Botox and paint

When Denver ventriloquist, Wayne Francis, asked if I would repaint "Wingnut", I suppose he heard a somewhat hesitant "yes" from me. "Wingnut" is a one-of-kind foam sculpted masterpiece, and has a good number of years and miles (air and land) on him. The ageing foam was breaking and the original paint chipped and cracking. Still, I questioned the wisdom of adding another layer of paint. On the other hand, if left unattended, his days were limited and he was soon to be grounded.
So using flexible silicone applied with a toothpick, the breaks and tears in the foam were repaired. With "textile medium" mixed into latex paints to keep the dried paint somewhat flexible, I did give the entire head and hat a thin fresh coat of paint. He looks fantastic, ready for take off, now. Only time will tell how this will work out.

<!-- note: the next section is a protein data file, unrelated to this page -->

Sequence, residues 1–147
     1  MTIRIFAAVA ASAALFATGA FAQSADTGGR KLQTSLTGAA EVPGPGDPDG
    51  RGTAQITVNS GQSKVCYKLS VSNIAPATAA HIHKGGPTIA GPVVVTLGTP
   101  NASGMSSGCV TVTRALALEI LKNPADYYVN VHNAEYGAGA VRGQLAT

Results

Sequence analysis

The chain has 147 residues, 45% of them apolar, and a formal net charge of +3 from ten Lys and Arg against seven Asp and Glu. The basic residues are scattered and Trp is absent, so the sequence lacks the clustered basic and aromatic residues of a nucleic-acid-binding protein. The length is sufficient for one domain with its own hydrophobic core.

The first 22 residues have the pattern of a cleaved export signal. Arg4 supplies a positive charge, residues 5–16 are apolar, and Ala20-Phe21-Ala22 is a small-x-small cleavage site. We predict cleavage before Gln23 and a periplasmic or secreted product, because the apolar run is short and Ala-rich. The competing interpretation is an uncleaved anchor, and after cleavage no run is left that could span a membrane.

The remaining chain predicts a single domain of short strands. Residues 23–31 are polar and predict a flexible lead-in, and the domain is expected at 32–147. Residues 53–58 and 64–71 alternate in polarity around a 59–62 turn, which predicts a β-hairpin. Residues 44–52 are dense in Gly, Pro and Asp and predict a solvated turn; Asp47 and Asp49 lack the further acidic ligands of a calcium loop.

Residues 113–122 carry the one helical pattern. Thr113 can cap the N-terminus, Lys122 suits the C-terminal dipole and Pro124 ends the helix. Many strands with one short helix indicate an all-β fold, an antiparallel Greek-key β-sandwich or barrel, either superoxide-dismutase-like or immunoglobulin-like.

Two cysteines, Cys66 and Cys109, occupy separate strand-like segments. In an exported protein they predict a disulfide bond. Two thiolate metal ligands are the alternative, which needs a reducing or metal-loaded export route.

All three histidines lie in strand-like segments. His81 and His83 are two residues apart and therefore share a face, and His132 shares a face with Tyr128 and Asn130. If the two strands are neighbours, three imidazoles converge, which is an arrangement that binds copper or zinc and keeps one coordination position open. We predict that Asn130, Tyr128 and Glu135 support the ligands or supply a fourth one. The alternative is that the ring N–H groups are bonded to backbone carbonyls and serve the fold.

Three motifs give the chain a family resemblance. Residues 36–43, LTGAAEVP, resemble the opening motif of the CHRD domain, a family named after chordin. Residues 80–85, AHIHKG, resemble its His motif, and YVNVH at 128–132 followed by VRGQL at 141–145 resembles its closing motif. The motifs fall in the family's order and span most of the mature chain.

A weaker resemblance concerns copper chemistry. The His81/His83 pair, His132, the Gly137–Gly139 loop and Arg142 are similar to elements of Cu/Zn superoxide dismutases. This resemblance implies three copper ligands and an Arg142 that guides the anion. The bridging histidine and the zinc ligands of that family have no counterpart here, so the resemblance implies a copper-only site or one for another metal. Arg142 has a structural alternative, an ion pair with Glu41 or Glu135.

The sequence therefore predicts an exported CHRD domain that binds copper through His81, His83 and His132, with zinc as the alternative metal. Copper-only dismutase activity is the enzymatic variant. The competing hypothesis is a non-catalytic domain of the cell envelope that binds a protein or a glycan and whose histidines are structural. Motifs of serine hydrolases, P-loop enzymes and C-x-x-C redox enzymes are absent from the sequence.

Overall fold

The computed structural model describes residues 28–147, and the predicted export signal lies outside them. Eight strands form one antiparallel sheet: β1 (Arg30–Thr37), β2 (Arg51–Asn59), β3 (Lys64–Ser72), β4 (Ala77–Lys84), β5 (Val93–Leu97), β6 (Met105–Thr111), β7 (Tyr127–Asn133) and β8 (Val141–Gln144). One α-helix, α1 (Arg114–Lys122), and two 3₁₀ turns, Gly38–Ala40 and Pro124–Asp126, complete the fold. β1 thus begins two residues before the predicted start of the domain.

1. Philip Grecian2/04/2011

    I picked up your textile medium hint years ago, but I'm curious about the latex paints. I know there's a good reason for latex rather than acrylic (which has always seemed to me much more flexible). Would you have a moment to educate me in this regard? (Not to mention everybody else listening in here!)

  2. "Latex" - "Acrylic" - I use the words interchangeably. Probably shouldn't. Waterbased paints is what I'm referring to (not oils).

  3. Anonymous2/04/2011

    great puppet, loads of "character" no wonder Wayne wants to keep it going..........& send it to the master puppet builder/repairer to do the delicate repair work!!

  4. Philip Grecian2/04/2011

    Ah. Okay. Thanks for taking the time, Clinton. I appreciate it.

  5. ob steininger2/05/2011

    clintion how big is that head and what would the size of the body be does the movements work the same way would love to know

  6. It is actually just a big hand puppet. Mouth movement only. You get a pretty good idea of size from the picture. It's a bit larger than an adult head. It would take a pretty strong hand to operate for any length of time.